As the dynamic frontman to the multiplatinum-selling R&B group Dru Hill and as a solo artist, Sisqó has sold more than seven million albums. Dru Hill’s first two albums, Dru Hill and Enter the Dru, produced the hit singles “Tell Me,” “In My Bed,” “How Deep Is Your Love,” “These Are The Times,” “Five Steps,” and “We’re Not Making Love.” But Sisqó is best known for the summer 2000 party jam “Thong Song”, a naughty ode to the scant women’s undergarment. With “Thong Song,” from his multiplatinum solo debut Unleash the Dragon, Sisqó’s career took off in many different directions. He appeared in television commercials for Pepsi and McDonald’s and on the big screen in the comedy film Get Over It. He signed a book deal and began work on a television sitcom pilot. He planned to launch a clothing collection called Dragon and reportedly signed a five-film deal with Miramax. The decision to broaden his horizons may have been sound for the outlandishly dressed, platinum-coiffed singer.
Sisqó was born Mark Andrews to Alonzo, an electrician, and Carolyn Andrews, a Social Security claims clerk. The only son and youngest of three, Sisqó grew up in a middle class Baltimore, Maryland, neighborhood with his parents, but spent summers at his grandmother’s house in a tough, drug-ridden Baltimore ghetto where “thugs were respected,” he told TV Guide. During summers with his grandmother, Sisqó learned the ways of the street and was jailed three times. Sitting in a jail cell at age 16, Sisqó said to himself, “I’m not a thug. I’m just tryin’ to be a thug,” he said in an interview with TV Guide. After being in jail, Sisqó decided to change his image and his life.
To make himself look less threatening, Sisqó bleached his hair blond. Though he has admitted to having experimented with drugs while growing up, he went the straight route. “The key is making everybody feel like they can invite you into their house,” Sisqó said in an interview with Rolling Stone. “I don’t think you gonna ever catch me in no trouble.” Sisqó also became a father at age 17 and remained an involved parent, although he and his daughter’s mother never married. “I provided for my child since day one,” he told People. The child made a cameo appearance in the “Thong Song” video.
Nicknamed as a child for his wavy hair, which caused others to feel that he “looked Puerto Rican,” according to Jet, Sisqó got his act together. He formed the R&B group Dru Hill in 1995 with high school friends James “Woody” Green, Larry “Jazz” Anthony Jr., and Tamir “Nokio” Ruffin. The group was named for their Baltimore neighborhood, Druid Hill Park. Alonzo Andrews was less than supportive of his son’s musical aspirations, though he later became his son’s biggest fan. He encouraged the teen to get a “real job,” which Sisqó did, working brief stints at a pizza parlor, a movie
For the Record…
Born Mark Andrews c. 1976 in Baltimore, MD; son of Alonzo (an electrician) and Carolyn Andrews (a Social Security claims clerk); children: Shaione.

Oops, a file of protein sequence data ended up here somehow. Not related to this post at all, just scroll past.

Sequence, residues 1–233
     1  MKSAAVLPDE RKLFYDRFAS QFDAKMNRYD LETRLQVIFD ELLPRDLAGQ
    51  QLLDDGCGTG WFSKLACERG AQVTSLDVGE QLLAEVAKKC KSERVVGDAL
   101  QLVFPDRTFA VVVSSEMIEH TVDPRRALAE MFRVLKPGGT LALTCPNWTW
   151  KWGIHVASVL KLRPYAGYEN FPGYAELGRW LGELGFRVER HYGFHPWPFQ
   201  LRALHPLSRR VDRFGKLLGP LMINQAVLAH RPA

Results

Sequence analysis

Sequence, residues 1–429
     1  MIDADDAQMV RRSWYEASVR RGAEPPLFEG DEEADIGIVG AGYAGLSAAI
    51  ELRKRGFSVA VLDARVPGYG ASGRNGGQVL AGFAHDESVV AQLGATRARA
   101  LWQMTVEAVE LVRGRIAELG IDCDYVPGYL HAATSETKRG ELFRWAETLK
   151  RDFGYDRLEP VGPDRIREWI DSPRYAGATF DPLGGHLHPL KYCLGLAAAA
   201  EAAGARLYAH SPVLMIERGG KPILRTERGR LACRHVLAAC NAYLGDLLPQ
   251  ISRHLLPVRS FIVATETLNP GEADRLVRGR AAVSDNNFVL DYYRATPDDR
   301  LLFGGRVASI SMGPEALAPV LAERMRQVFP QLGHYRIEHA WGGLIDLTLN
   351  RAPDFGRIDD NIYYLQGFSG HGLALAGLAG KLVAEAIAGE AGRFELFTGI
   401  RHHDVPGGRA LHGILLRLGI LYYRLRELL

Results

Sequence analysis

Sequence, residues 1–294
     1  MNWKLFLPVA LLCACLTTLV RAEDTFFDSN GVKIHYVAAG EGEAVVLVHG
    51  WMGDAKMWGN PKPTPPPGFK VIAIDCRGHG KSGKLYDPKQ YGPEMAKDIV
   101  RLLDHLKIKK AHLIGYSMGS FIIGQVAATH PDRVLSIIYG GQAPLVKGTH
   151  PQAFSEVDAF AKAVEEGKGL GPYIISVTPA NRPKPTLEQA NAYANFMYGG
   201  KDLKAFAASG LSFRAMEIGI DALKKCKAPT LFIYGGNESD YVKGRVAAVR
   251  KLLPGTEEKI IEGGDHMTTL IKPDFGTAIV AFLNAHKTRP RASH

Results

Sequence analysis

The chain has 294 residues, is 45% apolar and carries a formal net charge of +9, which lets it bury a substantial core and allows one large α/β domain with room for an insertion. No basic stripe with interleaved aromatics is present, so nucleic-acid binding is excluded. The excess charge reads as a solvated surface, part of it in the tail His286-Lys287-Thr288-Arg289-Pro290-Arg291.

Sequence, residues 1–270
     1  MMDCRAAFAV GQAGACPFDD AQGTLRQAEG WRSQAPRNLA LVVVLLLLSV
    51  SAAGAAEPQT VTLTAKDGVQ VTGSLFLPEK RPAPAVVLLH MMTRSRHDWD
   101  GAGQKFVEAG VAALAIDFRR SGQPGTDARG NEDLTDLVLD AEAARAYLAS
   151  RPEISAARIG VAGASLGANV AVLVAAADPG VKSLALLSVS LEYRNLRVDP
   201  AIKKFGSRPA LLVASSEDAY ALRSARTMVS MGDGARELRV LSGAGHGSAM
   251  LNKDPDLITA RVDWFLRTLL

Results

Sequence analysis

Formed Dru Hill with high school friends James “Woody” Green, Larry “Jazz” Anthony Jr., and Tamir “Nokio” Ruffin, 1995; signed with Island Records, released debut album, Dru Hill, 1996; released Enter the Dru, 1998; made solo debut with single “Thong Song” and album Unleash the Dragon, 2000; appeared on MTV show, Sisqó’s Shakedown, and toured with ’N Sync, 2000; appeared in film Get Over It, 2001; released Return of Dragon on his own Dragon Records (a Def Soul imprint), 2001.
Awards: Two Radio Music Awards, six Billboard Awards, Source Award, World Music Award, 2000.
theater, and a candy store called the Fudgery, where employees perform for customers. Sisqó gladly gave up his pursuit of a “real job” when his mother told him to follow his heart. Dru Hill performed at school fashion shows and improved enough to attract the attention of a manager at a talent show when Sisqó was still a high school junior. Things moved quickly. Dru Hill signed with Island Records and released its first record, Dru Hill, in 1996. The group went from teen talent shows to multiplatinum selling records in no time. Between Dru Hill and the group’s second release, Enter the Dru, the group scored six hit singles. Though Dru Hill sold millions of records, the group consistently went home empty handed from awards ceremonies, which frustrated Sisqó.
In 1999, Dru Hill collaborated on the title song of the Wild Wild West soundtrack with rapper and actor Will Smith, who would become a huge influence on Sisqó. During shooting of the “Wild Wild West” video, Woody left Dru Hill to sing gospel music. Angry at first, Sisqó quickly realized that after four years together, each of the members needed to follow his own path in music. As a result, the members of Dru Hill decided to split, each to record his own solo record, though the foursome had plans to reconvene later to record another Dru Hill album.